The Explanation
(for those who require one)

And, of course, that is what all of this is -- all of this: the one song, ever changing, ever reincarnated, that speaks somehow from and to and for that which is ineffable within us and without us, that is both prayer and deliverance, folly and wisdom, that inspires us to dance or smile or simply to go on, senselessly, incomprehensibly, beatifically, in the face of mortality and the truth that our lives are more ill-writ, ill-rhymed and fleeting than any song, except perhaps those songs -- that song, endlesly reincarnated -- born of that truth, be it the moon and June of that truth, or the wordless blue moan, or the rotgut or the elegant poetry of it. That nameless black-hulled ship of Ulysses, that long black train, that Terraplane, that mystery train, that Rocket '88', that Buick 6 -- same journey, same miracle, same end and endlessness."
-- Nick Tosches, Where Dead Voices Gather

The Present Day Composer #11


Frank Zappa (1940-1993)

4 comments :

Dan said...

Sincere thanks for posting a homage to Mr. Zappa. We are lucky to have been witness to the creative genius in action. There should be statues of Frank in every major city.

Tom Sutpen said...

Hear hear!

I probably should have included Zappa much earlier in this series. His music and his cultural/social attitudes were a major influence on me growing up (when I was a film critic as a youngster, my byline read "Tom Sutpen Sez: Kill Ugly Cinema!")and he was, after all the source . . . by way of the first Mothiers of Invention LP, "Freak Out!" . . . of the Edgard Varese quote which this series is named after.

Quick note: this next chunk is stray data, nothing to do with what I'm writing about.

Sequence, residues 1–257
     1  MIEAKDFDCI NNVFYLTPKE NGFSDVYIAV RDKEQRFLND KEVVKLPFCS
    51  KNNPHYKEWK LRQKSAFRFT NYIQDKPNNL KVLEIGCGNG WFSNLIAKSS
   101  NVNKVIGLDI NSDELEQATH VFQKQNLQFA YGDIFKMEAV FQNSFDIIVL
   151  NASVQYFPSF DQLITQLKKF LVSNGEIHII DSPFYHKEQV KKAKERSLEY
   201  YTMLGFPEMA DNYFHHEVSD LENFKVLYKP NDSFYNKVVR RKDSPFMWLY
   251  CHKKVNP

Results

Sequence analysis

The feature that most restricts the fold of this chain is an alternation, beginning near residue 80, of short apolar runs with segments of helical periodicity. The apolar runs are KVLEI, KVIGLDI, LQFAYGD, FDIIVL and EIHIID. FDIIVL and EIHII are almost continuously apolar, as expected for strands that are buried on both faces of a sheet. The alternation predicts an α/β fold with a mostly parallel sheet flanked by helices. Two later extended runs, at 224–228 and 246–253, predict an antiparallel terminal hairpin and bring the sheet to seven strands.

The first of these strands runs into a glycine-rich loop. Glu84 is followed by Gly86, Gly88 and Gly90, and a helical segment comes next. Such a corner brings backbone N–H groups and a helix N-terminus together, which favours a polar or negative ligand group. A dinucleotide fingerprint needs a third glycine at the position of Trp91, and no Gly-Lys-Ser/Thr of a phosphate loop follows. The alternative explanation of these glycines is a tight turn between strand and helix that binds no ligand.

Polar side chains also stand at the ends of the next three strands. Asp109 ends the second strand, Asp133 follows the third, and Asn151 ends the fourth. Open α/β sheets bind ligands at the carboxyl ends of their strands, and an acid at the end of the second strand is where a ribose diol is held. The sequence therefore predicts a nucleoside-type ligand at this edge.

Hopefully I'll find some way in the future to pay him the tribute that he deserves. As a society, statues of Zappa in every city would be a good beginning, though.

Rob said...

Frank was a seminal influence on my youth, I saw him in many concerts. Tom Waits opened for him a number of times, and it was just like a ritual for me to see him once or twice a year at least. It was kinda sad to see the various original members of the Mothers drop by the wayside until Frank was all that was left. Captain Beefheart and Frank were two tapes I drove around with for years, and I got a lot people into Frank, too. He is sorely missed. Sniff.

BCNU

Tom Sutpen said...

Rob wrote:

Frank was a seminal influence on my youth, I saw him in many concerts. Tom Waits opened for him a number of times, and it was just like a ritual for me to see him once or twice a year at least. It was kinda sad to see the various original members of the Mothers drop by the wayside until Frank was all that was left.

*****
Well, even the original Mothers of Invention lineup was never solid. For instance, Elliott Ingber was with the band for close to two years, but only played on "Freak Out!"; Ray Collins was nowhere to be found on "We're Only In It for the Money", etc. So when Zappa announced he was breaking up the Mothers at the Newport Jazz Festival in '69 (according to his autobiography it was a decision he came to after he'd witnessed Duke Ellington begging promoter George Wein for ten bucks), he wasn't so much breaking up the band as he was separating parts that had never been firmly nailed together.

The Mothers of Invention were always a little bit like those ever-changing editions of The Modern Lovers after 1975. It was Frank and whoever he brought into the studio or on the road with him.